Temporal changes in marketing mix effectiveness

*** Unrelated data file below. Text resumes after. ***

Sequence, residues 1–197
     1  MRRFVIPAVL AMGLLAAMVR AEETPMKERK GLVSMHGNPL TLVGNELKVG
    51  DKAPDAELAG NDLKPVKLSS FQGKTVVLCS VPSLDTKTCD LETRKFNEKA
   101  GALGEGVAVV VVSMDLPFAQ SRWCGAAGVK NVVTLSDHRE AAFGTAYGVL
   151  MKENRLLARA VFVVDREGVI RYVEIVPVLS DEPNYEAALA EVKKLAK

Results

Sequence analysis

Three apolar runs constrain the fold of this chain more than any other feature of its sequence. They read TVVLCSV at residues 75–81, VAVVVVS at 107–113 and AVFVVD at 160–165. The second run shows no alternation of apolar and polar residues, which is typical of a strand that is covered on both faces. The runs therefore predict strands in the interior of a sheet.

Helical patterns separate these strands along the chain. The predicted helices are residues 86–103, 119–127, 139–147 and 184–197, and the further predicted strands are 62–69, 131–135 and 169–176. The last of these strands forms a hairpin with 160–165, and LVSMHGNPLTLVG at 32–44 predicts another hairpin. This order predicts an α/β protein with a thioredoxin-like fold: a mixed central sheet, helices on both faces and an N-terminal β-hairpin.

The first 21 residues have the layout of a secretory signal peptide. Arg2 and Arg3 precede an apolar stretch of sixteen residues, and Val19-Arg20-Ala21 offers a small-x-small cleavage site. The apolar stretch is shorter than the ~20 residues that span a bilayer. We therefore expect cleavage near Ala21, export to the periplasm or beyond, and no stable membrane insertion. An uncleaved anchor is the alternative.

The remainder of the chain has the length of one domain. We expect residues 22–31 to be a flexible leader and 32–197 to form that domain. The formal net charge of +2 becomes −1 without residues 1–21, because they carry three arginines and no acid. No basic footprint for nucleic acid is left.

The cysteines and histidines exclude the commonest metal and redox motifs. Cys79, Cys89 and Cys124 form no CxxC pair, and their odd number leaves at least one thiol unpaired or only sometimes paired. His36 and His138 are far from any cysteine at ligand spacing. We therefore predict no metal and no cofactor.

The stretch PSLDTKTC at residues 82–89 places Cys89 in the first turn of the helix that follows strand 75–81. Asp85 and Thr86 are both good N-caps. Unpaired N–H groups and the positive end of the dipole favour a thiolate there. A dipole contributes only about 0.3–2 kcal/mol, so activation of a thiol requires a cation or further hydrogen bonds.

This research develops hypotheses to explain temporal changes in the effectiveness of marketing mix variables. Three potential explanations for these changes in market response are explored: (1) changes in market response associated with industry evolution, (2) trends in market response which may be related to changes in consumer knowledge and familiarity with products over time, and (3) changes in market response associated with changes in consumer incomes. In addition, this research investigates (4) changes in the relative effectiveness of marketing mix variables over time. The hypotheses are tested on time series data from five U.S. industries as well as aggregate U.S. consumption data. To estimate temporal changes in market price sensitivity, advertising effectiveness, and distribution effectiveness, a structural time series modeling methodology is used, and numerical optimization procedures are used to perform maximum likelihood estimation. The results show mixed support for the hypothesis that market response is related to the level of industry maturity. Problems with the indicators of industry maturity were identified which may be partly responsible for the mixed results. Consistent with expectations, this study shows that advertising effectiveness does appear to decline over time, while market price sensitivity and distribution effectiveness increase. Consequently, price reduCtions and increases in distribution coverage appear to become relatively more effective than increases in advertising expenditures over time. There appears to be no relationship between marketing mix effectiveness and consumer incomes.